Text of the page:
The last thirty years in the analysis of inequality and poverty, especially in developing countries, has seen two phases—a phase of conceptual advancement, followed by a phase of application and policy debate. Both phases were exciting and useful in their own way, but the applied phase has significantly exhausted the potential of the conceptual advances of two decades ago, and new advances have been few and far between. However, there is now a need, and an opening, for a new phase of conceptual advances, advances that will make use of shifting methodological terrain in mainstream economics, and that will answer emerging policy questions that would otherwise have no easy answers (or, perhaps, too easy answers).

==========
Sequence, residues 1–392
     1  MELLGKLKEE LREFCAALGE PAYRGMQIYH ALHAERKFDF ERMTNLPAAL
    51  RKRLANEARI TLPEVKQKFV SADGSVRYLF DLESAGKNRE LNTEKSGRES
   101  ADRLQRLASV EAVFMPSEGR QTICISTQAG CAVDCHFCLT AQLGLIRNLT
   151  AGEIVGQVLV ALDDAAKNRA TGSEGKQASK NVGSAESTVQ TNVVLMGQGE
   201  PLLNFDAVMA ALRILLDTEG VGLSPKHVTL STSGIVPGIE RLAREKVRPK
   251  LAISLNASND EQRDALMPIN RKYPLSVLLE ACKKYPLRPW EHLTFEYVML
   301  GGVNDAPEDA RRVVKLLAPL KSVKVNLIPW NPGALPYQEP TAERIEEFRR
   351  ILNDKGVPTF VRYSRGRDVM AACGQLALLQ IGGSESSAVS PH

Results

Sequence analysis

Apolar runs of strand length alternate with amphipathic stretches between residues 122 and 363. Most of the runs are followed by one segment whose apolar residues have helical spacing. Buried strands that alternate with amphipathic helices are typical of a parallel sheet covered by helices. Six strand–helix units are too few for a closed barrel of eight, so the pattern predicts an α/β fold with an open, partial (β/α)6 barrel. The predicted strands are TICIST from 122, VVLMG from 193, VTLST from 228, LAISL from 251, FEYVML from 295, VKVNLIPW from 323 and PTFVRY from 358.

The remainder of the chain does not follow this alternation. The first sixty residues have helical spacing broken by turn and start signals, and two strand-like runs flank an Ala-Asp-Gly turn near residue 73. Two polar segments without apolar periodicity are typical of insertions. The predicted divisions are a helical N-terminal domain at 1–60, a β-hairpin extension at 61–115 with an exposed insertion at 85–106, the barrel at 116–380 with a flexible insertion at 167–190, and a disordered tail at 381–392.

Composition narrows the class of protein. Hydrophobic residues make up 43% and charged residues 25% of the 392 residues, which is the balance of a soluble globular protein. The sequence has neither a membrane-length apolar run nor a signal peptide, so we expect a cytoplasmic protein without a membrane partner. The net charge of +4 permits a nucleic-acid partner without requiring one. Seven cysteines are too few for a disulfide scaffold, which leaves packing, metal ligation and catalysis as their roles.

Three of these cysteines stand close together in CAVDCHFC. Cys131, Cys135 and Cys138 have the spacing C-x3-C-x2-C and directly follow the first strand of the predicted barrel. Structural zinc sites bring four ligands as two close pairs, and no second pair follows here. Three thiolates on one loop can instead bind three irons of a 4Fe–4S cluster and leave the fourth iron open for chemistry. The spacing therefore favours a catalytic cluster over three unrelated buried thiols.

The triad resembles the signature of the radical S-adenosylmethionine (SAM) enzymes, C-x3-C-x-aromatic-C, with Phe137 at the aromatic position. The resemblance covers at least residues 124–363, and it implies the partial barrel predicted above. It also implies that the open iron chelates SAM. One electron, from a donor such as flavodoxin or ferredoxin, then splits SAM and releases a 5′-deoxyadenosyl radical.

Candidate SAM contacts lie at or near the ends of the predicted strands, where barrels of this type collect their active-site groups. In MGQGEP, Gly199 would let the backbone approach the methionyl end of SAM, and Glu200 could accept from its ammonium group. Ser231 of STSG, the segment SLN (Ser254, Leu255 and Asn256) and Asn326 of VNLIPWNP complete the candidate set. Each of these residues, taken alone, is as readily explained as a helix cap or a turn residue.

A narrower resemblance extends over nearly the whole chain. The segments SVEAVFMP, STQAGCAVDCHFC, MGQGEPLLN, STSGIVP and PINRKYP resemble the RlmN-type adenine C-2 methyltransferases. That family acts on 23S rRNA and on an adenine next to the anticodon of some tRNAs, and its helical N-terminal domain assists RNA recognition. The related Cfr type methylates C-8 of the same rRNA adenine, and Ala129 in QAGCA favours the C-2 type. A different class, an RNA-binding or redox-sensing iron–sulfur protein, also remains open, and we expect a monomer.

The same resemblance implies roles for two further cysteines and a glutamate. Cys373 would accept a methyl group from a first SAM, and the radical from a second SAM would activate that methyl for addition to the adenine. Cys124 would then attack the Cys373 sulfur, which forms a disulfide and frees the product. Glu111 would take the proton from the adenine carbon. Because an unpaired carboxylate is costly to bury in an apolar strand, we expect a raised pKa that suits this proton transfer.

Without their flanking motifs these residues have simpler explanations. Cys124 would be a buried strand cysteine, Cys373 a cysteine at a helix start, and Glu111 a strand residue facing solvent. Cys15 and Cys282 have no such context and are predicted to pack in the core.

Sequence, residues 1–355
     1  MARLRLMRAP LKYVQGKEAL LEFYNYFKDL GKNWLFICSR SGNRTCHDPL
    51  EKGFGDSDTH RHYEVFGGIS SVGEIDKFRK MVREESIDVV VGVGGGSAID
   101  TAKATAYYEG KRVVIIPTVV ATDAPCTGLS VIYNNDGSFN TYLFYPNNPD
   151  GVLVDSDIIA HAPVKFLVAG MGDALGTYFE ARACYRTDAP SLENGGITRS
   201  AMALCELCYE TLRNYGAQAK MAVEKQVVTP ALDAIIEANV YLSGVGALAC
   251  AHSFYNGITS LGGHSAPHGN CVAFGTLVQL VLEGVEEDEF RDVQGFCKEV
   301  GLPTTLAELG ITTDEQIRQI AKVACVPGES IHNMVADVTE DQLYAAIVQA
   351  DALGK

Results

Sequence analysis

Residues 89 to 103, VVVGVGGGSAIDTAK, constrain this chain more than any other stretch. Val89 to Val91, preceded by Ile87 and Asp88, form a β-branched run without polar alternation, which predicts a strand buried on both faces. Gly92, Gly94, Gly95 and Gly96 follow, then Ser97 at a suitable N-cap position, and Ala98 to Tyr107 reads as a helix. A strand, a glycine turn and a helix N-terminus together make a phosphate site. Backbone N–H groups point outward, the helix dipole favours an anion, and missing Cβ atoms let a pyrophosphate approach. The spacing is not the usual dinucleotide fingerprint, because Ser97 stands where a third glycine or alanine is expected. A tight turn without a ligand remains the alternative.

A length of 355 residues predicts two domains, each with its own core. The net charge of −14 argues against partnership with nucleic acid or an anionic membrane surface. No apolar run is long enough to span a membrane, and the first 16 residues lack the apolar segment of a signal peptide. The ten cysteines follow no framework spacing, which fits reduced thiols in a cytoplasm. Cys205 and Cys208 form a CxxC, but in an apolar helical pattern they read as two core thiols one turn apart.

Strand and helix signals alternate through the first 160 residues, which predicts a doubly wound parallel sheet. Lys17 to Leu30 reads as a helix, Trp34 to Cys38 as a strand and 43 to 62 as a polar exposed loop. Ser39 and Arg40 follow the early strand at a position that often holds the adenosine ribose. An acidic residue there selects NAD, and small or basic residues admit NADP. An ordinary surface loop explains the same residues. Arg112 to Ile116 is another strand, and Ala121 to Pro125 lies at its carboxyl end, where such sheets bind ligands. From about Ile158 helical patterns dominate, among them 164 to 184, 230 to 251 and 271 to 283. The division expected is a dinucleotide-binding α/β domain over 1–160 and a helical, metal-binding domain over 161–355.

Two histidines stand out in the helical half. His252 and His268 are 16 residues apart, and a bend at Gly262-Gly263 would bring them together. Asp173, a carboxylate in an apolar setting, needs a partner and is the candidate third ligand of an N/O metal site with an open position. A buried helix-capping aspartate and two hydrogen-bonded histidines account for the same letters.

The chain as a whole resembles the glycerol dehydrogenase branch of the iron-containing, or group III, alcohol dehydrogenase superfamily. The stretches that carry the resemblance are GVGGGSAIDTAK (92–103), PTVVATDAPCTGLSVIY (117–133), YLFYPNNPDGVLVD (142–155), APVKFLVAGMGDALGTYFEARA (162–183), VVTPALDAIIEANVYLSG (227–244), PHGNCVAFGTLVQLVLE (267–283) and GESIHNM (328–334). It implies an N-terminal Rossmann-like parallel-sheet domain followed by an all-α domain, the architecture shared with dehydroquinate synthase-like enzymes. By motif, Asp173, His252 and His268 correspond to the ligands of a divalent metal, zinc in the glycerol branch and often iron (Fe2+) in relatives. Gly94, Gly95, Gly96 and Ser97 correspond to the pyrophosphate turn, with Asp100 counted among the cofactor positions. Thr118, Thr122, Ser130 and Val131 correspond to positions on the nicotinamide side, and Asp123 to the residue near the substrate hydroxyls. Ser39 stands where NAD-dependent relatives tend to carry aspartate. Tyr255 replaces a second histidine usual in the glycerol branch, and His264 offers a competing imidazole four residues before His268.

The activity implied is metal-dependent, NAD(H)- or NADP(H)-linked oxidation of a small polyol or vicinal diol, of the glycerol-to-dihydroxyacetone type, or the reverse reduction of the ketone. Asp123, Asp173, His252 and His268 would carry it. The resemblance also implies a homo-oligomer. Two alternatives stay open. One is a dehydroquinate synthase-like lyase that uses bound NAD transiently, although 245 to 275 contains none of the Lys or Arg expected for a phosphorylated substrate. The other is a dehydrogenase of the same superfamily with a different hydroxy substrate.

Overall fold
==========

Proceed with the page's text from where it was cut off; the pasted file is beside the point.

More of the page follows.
Conceptual challenges in poverty and inequality: one development economist’s perspective, presented at Staying Poor: Chronic Poverty and Development Policy, Institute for Development Policy and Management, University of Manchester, 7-9 April 2003. Chronic Poverty Research Centre (CPRC), Manchester, UK, 11 pp.